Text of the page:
From November 2015 to January 2016, the Professional Standards Authority briefly suspended the UK Council for Psychotherapy from their list of accredited registers. After the UKCP made a number of changes, the suspension was lifted. The PSA have now published their reasons for the suspension. When I commented about it online, various people suggested I was making a fuss about a “storm in a teacup”, and that this was simply a normal part of the reaccreditation process.
From reading the PSA’s review, it becomes clear that this was no storm in a teacup. It involves, among other things, the apparent mishandling of a sexual misconduct case.
The review highlights a number of ways in which the UKCP was not meeting the PSA standards. Much of this relates to their online register, and the accessibility of information about registrants facing complaints hearings. However, there’s one issue that stands out.
The Panel discussed a concern regarding the handling of a complaint alleging breaches of sexual boundaries. The Panel noted that the case had been dismissed by the Adjudication Panel. There was no route of appeal as a sanction had not been issued by the Adjudication Panel. The Panel noted that the case had been dismissed without hearing the registrant and the procedural reasons for that that (based on advice from the UKCP legal assessor), but remained concerned that the evidence had not been appropriately tested. The Panel considered the selection of an allmale panel in a sexual boundaries allegation had been insensitive. It also concluded that the handling of this case whilst it may have been in line with UKCP’s processes, was not compatible with good practice set out in the Authority’s ‘Clear sexual boundaries between healthcare professionals and patients: guidance for fitness to practise panels.’
The PSA guidance they refer to in the last sentence is available online here. It’s pretty much the Bible when it comes to issues around sexual boundaries. Given that protecting the public from serious sexual misconduct is one of the most important functions of a register, I find it quite alarming that the UKCP processes apparently didn’t reflect this vital document. It seems to have led to an outcome where a panel made up exclusively of men threw out a case without even hearing the alleged perpetrator.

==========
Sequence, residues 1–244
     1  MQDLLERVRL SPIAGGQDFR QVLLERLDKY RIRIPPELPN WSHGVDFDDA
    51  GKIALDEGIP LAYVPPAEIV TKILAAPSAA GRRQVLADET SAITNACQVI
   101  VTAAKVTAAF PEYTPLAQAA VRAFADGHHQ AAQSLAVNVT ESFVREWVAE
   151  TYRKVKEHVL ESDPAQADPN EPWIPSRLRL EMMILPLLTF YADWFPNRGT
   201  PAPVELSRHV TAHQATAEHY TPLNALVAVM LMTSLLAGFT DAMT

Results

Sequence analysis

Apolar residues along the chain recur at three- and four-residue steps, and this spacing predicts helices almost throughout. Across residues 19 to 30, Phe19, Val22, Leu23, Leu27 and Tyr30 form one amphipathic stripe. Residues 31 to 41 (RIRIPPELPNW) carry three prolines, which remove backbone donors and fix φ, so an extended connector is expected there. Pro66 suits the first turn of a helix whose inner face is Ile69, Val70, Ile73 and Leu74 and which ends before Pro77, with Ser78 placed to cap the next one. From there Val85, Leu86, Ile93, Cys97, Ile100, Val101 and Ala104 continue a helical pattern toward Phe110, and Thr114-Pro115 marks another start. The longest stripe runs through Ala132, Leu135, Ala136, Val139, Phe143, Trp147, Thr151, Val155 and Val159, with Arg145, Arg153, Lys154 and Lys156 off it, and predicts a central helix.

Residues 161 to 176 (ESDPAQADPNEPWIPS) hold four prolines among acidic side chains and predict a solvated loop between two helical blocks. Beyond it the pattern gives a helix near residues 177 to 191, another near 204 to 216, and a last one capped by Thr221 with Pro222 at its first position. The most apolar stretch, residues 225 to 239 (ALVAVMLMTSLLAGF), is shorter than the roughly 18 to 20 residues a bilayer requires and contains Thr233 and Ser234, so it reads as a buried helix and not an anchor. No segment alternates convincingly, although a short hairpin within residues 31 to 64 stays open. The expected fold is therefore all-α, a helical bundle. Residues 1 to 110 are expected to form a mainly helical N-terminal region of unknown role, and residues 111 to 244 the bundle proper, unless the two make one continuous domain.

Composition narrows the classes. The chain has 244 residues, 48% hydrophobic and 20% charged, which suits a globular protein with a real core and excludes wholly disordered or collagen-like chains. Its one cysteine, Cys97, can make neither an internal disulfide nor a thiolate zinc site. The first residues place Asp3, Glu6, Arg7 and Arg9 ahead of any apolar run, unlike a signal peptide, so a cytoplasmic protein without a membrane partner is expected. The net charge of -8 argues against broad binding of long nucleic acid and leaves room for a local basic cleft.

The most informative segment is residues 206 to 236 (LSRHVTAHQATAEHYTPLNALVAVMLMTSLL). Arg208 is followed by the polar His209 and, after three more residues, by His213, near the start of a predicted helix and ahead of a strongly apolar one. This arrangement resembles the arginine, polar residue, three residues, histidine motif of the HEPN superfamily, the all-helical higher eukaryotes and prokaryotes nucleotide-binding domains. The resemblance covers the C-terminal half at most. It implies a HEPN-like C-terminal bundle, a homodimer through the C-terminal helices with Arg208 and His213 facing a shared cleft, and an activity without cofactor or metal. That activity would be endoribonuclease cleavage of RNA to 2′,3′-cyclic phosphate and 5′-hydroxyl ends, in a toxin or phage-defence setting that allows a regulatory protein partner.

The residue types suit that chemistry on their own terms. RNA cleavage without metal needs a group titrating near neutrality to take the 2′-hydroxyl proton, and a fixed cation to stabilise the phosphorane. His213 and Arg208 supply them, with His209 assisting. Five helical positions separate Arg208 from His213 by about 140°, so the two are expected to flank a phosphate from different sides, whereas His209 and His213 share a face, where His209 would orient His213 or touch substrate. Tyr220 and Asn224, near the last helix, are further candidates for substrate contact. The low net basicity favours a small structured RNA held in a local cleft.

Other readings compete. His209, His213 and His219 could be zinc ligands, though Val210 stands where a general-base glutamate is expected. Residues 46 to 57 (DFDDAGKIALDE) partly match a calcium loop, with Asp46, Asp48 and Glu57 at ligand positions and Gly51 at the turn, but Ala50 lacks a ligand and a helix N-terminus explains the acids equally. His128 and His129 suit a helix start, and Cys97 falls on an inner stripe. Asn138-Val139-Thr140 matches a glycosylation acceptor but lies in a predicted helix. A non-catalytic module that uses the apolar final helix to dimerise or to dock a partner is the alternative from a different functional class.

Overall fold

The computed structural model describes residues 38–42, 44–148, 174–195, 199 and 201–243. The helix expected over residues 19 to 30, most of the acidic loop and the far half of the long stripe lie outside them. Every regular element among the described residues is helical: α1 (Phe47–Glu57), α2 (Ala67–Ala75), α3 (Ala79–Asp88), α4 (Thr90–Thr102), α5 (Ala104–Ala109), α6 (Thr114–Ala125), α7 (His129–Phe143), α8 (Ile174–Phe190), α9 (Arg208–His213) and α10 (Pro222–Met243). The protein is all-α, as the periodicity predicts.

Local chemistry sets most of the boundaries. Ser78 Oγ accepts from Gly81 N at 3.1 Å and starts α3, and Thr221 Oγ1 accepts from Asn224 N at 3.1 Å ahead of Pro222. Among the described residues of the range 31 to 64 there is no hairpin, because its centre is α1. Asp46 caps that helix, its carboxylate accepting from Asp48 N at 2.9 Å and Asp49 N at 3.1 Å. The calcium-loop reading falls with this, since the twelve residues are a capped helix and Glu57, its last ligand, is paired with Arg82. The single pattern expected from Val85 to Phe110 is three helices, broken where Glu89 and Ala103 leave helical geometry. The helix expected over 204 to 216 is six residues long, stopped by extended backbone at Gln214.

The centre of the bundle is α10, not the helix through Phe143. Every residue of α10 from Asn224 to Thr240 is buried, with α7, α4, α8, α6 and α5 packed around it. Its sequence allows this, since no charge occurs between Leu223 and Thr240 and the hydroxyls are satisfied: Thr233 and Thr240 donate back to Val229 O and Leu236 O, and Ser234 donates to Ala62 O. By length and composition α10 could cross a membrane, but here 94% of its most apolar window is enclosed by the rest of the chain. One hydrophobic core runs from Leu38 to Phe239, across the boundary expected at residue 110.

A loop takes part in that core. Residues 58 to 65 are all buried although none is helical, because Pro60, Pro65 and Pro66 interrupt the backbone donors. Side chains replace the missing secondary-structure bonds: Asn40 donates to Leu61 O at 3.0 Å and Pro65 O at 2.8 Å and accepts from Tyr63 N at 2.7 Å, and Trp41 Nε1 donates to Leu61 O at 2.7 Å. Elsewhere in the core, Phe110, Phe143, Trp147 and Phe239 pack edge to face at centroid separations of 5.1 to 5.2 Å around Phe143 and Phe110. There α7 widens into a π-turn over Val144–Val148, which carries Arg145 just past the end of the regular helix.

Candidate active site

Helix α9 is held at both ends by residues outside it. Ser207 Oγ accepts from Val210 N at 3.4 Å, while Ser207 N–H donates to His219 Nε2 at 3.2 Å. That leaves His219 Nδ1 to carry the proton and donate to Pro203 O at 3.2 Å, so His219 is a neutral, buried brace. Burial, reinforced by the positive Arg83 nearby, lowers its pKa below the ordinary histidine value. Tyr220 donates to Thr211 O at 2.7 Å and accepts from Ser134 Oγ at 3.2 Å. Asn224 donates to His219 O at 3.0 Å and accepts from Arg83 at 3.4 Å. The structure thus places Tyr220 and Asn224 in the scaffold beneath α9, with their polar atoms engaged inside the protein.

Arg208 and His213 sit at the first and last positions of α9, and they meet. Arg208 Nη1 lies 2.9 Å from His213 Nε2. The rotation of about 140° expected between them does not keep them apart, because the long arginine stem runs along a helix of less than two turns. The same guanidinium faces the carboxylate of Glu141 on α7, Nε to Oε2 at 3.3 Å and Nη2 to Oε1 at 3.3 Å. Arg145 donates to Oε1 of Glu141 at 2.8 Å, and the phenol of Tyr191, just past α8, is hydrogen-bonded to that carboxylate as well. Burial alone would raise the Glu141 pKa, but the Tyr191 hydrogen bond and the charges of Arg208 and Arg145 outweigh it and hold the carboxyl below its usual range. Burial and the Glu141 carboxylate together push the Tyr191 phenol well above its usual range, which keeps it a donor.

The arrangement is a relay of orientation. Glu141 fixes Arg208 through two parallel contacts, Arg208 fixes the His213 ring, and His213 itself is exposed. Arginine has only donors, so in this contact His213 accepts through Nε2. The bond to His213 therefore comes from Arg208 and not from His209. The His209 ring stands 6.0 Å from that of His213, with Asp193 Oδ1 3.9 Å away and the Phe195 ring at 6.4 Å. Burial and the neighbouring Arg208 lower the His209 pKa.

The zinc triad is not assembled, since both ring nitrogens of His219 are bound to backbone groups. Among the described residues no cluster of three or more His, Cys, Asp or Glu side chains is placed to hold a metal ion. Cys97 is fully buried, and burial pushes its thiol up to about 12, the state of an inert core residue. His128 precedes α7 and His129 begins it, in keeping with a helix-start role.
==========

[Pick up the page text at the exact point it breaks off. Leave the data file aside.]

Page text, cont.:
As part of the steps taken by UKCP to get their accreditation, they have informed the PSA that new panel members and chairs will be issued copies of Clear Sexual Boundaries. Well, that’s reassuring for future cases, but I find it quite incredible that they may not have been given it in the first place.
There’s other concerns about an alleged breach of confidentiality that had been “not addressed conclusively” despite going through multiple UKCP panels, to the point that the case had to be discontinued due to the length of time taken.
The PSA also found that information about disciplinary hearings, suspensions and sanctions weren’t easy enough for the public to find and that sanction outcomes were displayed on the UKCP website for too short a time.
Overall, a storm in a teacup is exactly what this wasn’t.
The UKCP has now taken steps to address all these issues, and that’s why they got their accreditation back. Even so, it concerns me a lot that this sexual boundaries case has not been properly addressed.
I’ll make an observation here. From my various sources the UKCP are not the only accredited register about which I’ve heard of these sorts of inadequacies in handling complaints. The UKCP may be first AR to have their accreditation suspended by the PSA, but I would not be at all surprised if they turn out not to be the last.